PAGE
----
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PSYCHOPHARMACOLOGY
Brain Injury Awareness Month: Interview with Deb York on Traumatic Brain Injury in Victims of Intimate Partner Violence
March 30, 2020   

March is Brain Injury Awareness Month! Did you know that approximately 50% of victims of intimate partner violence experience multiple traumatic brain injuries? We recently sat down with psychiatric nurse practitioner, Deb York in our most recent NEI Podcast episode, “Silent Scars: Traumatic Brain Injury in Victims of Intimate Partner Violence” to discuss this forgotten population and what we can do to raise awareness about this. Here is part of the transcript:

NEI: When we talk about intimate partner violence, could you describe for us, or explain to us exactly what we mean when we talk about an intimate partner?

YORK: So this, very broadly defined is a person who has a close personal relationship, and this can be characterized by many, many things. Inclusive, though we look at an emotional connection. We look at regular contact. We look at an ongoing physical contact, and possibly even a sexual relationship as well. To identify as a couple, potentially and the familiarity and knowledge about each other’s lives. The relationship does not necessarily, of course need to involve all of these dimensions, but those are characteristically the first- say- top five. In intimate partner violence, though, this is a domestic violence, by a current or former spouse or partner in an intimate relationship. And it’s against the other spouse or partner, and it can also take many different forms. So, this is inclusive of physical, verbal, emotional, economic, and sexual abuse. The CDC actually defines domestic violence into two types. So, reciprocal in which both partners are violent, and non-reciprocal violence, in which one partner is violent against the other.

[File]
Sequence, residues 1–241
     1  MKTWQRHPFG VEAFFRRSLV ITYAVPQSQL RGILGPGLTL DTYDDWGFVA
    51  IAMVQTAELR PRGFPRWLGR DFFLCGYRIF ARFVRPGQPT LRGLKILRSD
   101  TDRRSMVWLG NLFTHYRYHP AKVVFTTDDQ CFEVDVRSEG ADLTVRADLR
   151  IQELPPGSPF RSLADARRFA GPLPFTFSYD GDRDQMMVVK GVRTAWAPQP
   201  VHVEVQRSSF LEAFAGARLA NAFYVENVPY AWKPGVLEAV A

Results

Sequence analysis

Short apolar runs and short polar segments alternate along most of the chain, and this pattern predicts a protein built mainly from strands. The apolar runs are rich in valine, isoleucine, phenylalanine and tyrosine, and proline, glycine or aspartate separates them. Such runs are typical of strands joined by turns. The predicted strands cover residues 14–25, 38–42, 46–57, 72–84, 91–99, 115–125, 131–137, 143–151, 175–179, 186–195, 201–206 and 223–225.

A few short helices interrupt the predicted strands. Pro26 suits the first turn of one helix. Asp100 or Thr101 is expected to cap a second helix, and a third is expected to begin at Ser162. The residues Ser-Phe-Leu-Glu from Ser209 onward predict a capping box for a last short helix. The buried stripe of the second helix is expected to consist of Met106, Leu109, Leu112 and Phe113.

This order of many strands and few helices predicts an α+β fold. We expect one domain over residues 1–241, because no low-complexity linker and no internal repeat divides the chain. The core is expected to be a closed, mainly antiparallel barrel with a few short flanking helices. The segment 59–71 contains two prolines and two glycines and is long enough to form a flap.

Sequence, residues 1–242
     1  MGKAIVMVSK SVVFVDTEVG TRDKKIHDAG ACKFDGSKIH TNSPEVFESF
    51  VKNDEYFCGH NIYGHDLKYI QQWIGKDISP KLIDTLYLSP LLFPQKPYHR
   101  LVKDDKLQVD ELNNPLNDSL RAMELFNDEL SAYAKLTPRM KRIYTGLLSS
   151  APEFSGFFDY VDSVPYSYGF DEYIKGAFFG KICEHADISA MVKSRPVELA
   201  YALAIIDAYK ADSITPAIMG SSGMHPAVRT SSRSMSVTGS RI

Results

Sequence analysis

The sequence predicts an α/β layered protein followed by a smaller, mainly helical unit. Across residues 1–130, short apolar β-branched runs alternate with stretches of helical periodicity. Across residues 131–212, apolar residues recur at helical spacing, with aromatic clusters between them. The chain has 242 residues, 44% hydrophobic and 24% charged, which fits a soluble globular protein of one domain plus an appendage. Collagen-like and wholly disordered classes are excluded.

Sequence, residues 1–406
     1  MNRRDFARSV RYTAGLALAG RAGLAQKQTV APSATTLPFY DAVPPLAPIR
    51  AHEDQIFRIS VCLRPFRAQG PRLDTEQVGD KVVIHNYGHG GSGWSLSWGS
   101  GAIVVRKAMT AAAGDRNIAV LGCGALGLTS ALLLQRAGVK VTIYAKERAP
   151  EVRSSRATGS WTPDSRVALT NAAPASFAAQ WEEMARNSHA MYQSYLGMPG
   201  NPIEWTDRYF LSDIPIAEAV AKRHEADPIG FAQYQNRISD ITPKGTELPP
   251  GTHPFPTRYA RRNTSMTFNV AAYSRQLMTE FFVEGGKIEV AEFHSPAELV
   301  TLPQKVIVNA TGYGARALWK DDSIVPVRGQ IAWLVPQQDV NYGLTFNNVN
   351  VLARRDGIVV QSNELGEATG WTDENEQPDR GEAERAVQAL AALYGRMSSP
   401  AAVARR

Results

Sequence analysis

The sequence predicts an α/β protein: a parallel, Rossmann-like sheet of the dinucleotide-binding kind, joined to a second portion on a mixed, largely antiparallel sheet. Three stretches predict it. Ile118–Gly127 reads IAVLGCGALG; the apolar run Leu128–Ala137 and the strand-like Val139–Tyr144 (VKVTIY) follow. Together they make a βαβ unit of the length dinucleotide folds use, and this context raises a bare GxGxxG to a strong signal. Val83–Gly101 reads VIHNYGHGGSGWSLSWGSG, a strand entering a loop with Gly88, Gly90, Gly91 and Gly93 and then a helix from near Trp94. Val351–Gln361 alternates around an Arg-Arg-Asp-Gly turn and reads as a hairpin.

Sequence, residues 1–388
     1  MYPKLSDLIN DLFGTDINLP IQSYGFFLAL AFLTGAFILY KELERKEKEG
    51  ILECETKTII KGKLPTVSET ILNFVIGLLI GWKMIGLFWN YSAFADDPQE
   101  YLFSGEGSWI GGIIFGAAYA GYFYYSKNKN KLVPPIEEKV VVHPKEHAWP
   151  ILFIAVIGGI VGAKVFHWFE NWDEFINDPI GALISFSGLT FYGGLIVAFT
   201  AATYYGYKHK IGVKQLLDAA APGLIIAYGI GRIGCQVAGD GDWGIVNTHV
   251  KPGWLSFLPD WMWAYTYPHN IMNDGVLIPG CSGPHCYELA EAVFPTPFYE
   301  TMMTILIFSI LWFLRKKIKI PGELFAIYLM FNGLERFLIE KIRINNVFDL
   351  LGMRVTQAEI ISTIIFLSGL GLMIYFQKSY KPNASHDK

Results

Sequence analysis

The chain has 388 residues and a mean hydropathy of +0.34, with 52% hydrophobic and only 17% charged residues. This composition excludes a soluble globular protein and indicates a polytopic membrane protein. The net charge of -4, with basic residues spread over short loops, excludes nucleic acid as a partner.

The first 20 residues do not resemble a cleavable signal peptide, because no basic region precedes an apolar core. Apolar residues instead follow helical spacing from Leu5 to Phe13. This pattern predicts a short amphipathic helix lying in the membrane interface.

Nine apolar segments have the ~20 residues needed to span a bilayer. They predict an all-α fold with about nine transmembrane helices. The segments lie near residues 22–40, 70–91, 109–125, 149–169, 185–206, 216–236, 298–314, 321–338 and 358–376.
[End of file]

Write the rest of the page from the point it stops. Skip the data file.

NEI: We are aware that intimate partner violence is more prevalent in our country than people think. There’s approximately ten million, annually, and yet only 35% receive medical care for their injuries. Why do you think that is?

YORK: There are three top reasons, In my opinion: The fear of reporting, for potential for further retaliation, the lack of education and screening in this population, this includes sparse resources as well for diagnosis and treatment. It is that cycle of abuse that is then propagated by serious repetitive injury, and if someone enters the emergency room for example, and has a temperature, immediately a complete blood count, and complete metabolic panel are drawn, and when someone who has an injury from an intimate partner, they may enter the emergency room with the perpetrator. There are potential legal complications, children involved. It’s a multifactorial canvas, that’s never the same color.

For more on this topic, click on the link for the full episode: Silent Scars: Traumatic Brain Injury in Victims of Intimate Partner Violence



Additional information on traumatic brain injury and intimate partner violence:


NEI Videos: Another TBI
Illustrated eBook
Beyond the Impact: An Update on the Assessment, Prevention, and Treatment of Neuropsychiatric Sequelae Associated with Traumatic Brain Injury

CME Credits: 6.0
This Month In Psychopharmacology: Brain Injuries